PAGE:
In the meantime, I do here make bold to present your Highness with a faithful abstract drawn from the universal body of all arts and sciences, intended wholly for your service and instruction. Nor do I doubt in the least but your Highness will peruse it as carefully and make as considerable improvements as other young princes have already done by the many volumes of late years written for a help to their studies.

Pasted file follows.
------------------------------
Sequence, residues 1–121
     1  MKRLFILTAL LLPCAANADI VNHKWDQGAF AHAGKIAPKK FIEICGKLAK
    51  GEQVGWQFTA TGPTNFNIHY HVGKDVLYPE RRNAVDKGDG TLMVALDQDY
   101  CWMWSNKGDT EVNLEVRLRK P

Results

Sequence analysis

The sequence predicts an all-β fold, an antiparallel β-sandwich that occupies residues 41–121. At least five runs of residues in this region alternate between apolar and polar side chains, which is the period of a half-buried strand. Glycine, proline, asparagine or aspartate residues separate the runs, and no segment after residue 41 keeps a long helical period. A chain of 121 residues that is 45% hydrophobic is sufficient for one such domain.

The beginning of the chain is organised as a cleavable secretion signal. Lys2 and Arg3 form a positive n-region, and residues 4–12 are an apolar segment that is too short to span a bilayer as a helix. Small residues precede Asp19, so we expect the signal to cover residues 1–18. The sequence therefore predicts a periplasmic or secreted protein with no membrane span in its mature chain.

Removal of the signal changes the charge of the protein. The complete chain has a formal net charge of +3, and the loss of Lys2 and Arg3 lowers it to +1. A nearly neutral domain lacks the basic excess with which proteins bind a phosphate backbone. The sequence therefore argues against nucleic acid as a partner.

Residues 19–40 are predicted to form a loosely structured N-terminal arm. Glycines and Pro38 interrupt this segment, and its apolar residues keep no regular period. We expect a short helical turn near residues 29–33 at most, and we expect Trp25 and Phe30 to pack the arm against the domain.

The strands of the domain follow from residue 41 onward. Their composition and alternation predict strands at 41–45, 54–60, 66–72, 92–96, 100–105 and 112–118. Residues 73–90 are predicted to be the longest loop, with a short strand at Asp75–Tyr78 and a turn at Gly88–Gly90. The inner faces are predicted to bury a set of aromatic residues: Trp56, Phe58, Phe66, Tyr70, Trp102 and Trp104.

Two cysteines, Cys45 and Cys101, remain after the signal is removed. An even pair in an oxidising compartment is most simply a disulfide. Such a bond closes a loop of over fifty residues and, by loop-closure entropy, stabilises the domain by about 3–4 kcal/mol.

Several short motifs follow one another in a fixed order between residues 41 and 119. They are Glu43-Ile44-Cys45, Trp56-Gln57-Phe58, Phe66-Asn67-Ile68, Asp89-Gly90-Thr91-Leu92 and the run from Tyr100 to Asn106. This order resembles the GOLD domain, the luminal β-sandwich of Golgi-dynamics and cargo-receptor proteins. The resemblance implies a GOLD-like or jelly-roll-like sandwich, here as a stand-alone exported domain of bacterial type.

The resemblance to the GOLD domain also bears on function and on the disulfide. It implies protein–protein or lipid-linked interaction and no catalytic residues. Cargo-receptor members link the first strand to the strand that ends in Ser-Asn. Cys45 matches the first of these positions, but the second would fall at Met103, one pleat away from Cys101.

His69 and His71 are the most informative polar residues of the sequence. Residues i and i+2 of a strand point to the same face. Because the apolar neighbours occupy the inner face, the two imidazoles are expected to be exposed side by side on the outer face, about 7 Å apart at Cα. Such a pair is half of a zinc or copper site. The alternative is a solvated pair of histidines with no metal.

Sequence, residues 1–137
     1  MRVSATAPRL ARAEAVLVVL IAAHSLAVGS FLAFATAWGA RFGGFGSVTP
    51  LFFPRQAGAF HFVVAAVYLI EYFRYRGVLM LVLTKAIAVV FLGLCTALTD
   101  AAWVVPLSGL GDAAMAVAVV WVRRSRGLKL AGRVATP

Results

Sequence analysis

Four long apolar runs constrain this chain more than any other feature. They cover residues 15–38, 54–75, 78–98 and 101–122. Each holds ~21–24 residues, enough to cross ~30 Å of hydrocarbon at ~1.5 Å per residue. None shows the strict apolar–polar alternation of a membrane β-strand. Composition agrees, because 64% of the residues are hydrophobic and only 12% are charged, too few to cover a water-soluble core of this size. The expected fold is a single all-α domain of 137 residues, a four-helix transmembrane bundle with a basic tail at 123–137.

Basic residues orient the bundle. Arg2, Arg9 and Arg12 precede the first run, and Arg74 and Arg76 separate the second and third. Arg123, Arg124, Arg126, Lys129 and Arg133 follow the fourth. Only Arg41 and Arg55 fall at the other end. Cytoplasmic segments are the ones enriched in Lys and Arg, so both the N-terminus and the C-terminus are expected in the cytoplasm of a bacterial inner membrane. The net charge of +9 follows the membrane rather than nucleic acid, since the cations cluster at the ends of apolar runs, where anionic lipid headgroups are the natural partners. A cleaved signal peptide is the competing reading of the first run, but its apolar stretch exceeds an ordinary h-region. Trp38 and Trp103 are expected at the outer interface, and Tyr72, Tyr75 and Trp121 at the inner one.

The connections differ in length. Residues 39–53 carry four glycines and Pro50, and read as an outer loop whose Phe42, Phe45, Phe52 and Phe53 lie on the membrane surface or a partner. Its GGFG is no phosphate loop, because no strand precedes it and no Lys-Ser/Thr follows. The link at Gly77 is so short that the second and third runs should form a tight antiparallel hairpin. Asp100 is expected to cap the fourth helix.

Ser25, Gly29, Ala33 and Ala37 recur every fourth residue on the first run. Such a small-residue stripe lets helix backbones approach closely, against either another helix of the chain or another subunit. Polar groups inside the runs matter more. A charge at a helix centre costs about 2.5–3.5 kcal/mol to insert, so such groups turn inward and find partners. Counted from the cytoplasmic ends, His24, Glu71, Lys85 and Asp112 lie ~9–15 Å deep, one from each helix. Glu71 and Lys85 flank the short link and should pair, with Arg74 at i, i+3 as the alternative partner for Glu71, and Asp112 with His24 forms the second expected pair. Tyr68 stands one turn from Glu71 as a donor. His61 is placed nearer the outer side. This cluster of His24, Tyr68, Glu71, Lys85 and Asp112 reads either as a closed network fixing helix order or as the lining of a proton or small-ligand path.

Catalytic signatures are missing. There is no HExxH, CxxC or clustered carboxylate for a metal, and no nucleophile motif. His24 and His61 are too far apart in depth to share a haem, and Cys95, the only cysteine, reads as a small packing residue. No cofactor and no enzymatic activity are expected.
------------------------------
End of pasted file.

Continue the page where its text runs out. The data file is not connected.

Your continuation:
That your Highness may advance in wisdom and virtue, as well as years, and at last outshine all your royal ancestors, shall be the daily prayer of,

SIR, Your Highness's most devoted, &c. Decemb. 1697.



THE PREFACE.